Become a Certified Coder or Auditor.
While it’s not a legal requirement, many employers prefer certification. There are a variety of certifications, including Certified Professional Coder (CPC), Certified Inpatient Coder (CIC), Certified Coding Specialist (CCS), Certified Professional Medical Auditor (CPMA), and Certified Outpatient Coder (COC).

How Much Do RN Coders Make?

According to ZipRecruiter, the average annual RN coder salary is $74,128. Salaries vary by certification, but keep in mind that these are for all coders. RN coder salaries are higher than the typical clinical documentation specialist salary. Your nurse coder salary will depend on experience, location, and certifications.

Like all nursing jobs, your salary will depend on the cost of living in your area and demand for nurse coders. Salaries are highest in the Pacific Northwest and New England. However, remote nurse coding jobs allow you to live anywhere, though some employers may require occasional travel to worksites.

Frequently Asked Questions About RN Coders


How long does it take to become an RN coder?

It takes at least two years to become an RN, and four years if you choose to earn a BSN rather than an ADN. You will also need additional training on medical coding to become a nurse coder. Some coding certifications, particularly specialty coding certifications, strongly recommend at least two years of experience in nursing.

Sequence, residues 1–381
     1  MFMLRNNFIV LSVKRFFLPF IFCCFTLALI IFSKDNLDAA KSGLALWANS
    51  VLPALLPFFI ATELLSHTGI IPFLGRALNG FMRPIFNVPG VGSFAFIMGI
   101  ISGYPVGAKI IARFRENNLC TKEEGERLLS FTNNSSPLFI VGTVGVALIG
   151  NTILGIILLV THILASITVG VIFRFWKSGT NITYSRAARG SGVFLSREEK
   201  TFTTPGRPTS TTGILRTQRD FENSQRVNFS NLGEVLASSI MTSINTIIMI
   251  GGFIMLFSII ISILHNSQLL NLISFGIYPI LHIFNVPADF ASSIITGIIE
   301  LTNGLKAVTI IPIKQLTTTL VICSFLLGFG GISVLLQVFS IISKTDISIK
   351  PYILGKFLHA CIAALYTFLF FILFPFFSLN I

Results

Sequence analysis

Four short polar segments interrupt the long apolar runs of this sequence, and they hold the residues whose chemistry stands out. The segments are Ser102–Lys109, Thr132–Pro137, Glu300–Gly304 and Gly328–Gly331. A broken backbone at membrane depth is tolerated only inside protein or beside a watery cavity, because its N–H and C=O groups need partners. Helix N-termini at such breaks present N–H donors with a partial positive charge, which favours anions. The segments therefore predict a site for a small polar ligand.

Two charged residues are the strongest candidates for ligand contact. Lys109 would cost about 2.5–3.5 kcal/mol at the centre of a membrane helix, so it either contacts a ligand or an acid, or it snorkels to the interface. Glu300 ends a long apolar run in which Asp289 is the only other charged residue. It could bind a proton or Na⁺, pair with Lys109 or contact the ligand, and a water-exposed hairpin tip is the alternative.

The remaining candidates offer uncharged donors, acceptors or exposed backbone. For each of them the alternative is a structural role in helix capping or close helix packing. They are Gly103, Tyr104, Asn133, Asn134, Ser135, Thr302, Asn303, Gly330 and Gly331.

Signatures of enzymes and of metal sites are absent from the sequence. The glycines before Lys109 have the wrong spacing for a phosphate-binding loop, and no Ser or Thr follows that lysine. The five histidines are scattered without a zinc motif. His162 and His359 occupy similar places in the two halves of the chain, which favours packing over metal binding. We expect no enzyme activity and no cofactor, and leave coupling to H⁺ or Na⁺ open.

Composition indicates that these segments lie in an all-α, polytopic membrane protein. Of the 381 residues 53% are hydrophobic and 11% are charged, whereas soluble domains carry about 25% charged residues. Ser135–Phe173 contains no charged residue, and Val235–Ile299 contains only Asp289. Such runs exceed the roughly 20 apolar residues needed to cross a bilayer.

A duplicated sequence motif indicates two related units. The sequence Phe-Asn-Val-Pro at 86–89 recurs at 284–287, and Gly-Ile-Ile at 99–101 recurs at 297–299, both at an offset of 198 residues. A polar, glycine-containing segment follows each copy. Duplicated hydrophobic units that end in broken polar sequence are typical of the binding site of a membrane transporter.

Are RN coders in demand?

RN coder jobs, like other medical data and informatics jobs, are growing faster than the average for all professions. Hospitals and other healthcare providers, insurance companies, government agencies, and law firms specializing in medical issues all hire nurse coders. This demand, plus the widespread demand for nurses in general, keeps RN coder salaries high.

How can nurses gain experience in coding?

Nurses may code or review coding as part of their regular clinical nursing responsibilities or in nurse administration jobs. Many organizations, including associations and commercial training providers, offer online and in-person training in medical coding, including applying codes and analyzing results.

How does nursing experience benefit RN coders?

As a nurse coder, you will benefit from understanding the process and terminology of medical diagnoses and treatment, knowing how electronic medical records (EMRs) work, and being familiar with medical workflow in general. This helps you identify issues and make realistic suggestions for improvements.

Related Pages

Reviewed by:

Brandy Gleason is a nursing professional with nearly 20 years of varied nursing experience. Gleason currently teaches as an assistant professor of nursing within a prelicensure nursing program and coaches graduate students. Her passion and area of research centers around coaching nurses and nursing students to build resilience and avoid burnout.

Gleason is a paid member of our Healthcare Review Partner Network. Learn more about our review partners.

NurseJournal.org is an advertising-supported site. Featured or trusted partner programs and all school search, finder, or match results are for schools that compensate us. This compensation does not influence our school rankings, resource guides, or other editorially-independent information published on this site.

Are you ready to earn your online nursing degree?

Whether you’re looking to get your pre-licensure degree or taking the next step in your career, the education you need could be more affordable than you think. Find the right nursing program for you.

Popular Resources

Resources and articles written by professionals and other nurses like you.